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So do you have $300,000 or more in your 401(k)?

Sure, it sounds like an enormous amount of money. Especially when you consider that about one out of four non-retired adults have no retirement savings or pension whatsoever, according to the latest Federal Reserve report on the Economic Well-Being of U.S. Households. Of the non-retired age 60 and older, 13% have no retirement savings or pension.

But if you've been working a while — and saving over time — the odds go up that you could have good money in retirement savings.

The average 401(k) plan balance hit $305,900 as of the second quarter among participants who have been in their 401(k) plan for 10 years in a row, according to the latest quarterly analysis of retirement savings trends released by Fidelity Investments. The average is based on a group of 1.6 million participants in Fidelity retirement accounts.

What's interesting: The latest average is more than five times the average balance of $59,900 for a similar group 10 years ago.

A big bull market for stocks, which began in March 2009 and has kept going, surely helps.

 

Who's doing well in their 401(k) plans?

Six-figure 401(k)s tend to be concentrated by ages for those who have been consistently saving in their 401(k) for 10 years straight.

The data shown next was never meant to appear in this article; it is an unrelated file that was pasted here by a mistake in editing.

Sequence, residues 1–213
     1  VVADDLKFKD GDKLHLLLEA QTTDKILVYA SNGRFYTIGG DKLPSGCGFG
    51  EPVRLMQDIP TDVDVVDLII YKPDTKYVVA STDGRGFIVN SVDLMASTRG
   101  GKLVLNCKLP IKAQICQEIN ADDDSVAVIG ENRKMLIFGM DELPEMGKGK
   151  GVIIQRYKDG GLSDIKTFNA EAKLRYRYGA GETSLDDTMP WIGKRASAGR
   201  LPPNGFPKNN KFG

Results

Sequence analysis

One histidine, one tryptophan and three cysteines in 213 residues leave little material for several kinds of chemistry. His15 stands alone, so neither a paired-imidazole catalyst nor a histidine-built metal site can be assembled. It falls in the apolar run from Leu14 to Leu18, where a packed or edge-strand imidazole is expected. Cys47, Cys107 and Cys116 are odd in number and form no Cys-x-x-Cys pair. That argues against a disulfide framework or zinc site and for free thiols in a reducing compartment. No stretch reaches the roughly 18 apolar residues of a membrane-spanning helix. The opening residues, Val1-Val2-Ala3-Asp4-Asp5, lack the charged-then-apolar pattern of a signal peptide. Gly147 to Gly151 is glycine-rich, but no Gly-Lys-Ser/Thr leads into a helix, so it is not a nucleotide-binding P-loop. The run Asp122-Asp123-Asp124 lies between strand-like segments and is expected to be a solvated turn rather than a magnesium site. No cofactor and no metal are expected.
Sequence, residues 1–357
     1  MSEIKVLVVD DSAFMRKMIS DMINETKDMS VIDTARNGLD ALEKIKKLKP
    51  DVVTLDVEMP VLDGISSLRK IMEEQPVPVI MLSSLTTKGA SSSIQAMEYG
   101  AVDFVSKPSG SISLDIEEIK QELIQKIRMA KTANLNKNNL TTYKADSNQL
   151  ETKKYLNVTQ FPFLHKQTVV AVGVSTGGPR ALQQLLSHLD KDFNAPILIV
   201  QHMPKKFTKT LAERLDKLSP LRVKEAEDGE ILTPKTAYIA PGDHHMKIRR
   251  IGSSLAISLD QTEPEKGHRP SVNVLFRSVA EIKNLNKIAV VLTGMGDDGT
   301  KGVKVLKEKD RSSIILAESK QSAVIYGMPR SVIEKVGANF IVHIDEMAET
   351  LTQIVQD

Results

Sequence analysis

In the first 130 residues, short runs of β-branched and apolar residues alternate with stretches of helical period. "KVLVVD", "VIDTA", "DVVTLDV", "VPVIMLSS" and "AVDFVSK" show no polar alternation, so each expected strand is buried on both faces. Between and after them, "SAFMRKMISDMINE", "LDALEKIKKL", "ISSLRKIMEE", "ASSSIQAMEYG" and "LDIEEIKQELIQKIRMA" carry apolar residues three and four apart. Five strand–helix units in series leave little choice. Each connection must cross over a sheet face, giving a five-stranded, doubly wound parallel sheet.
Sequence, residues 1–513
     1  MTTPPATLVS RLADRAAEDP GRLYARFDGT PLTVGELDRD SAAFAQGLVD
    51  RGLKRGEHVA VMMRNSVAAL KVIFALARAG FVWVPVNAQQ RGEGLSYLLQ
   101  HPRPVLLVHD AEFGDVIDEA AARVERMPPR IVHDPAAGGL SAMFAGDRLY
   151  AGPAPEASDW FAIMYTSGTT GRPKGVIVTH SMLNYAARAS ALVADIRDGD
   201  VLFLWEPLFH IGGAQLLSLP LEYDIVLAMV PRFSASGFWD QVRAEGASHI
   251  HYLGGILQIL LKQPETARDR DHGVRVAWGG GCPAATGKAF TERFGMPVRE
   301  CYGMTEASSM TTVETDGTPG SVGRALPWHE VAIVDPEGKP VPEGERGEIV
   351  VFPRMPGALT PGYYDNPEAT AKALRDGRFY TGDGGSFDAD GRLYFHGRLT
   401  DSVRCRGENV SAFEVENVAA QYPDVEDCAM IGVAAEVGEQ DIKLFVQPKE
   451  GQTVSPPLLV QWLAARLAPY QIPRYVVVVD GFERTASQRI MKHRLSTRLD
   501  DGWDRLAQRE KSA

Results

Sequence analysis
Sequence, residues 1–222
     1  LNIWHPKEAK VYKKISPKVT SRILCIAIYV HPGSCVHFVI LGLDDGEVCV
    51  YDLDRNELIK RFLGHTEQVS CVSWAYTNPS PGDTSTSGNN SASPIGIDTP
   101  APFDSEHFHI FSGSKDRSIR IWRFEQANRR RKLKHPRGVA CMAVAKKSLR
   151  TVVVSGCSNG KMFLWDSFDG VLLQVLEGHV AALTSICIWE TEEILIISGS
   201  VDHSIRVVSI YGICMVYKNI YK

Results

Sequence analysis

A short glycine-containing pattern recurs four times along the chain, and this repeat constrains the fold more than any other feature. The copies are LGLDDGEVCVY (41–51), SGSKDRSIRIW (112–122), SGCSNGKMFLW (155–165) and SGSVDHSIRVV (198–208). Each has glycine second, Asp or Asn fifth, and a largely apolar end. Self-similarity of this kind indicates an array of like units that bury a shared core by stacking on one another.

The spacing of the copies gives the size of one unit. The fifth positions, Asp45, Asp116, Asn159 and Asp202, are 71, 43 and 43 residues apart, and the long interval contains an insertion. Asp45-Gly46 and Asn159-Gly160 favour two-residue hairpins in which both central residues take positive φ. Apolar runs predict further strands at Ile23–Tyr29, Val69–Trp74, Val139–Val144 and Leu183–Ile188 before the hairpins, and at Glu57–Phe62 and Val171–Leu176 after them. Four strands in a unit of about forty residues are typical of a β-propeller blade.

n For baby boomers in that group, who are currently ages 55 through 73, the average balance was $365,800 (with 697,000 Fidelity participants).

n For the Gen-X group, who are currently ages 39 through 54, the average 10-year balance was $278,600 (with 802,000 in that group).

n For millennials, who are ages 23 through 38, the average 10-year balance was $135,100 (with 117,000 Fidelity participants).

Overall, the average 401(k) balance was $106,000 based on 17.1 million Fidelity accounts in the second quarter. That was up about 1.9% from the second quarter in 2018.

 

How many 401(k) millionaires are there?

Much of the big excitement, of course, is triggered by the notion that some people are actually hitting a million bucks in retirement savings.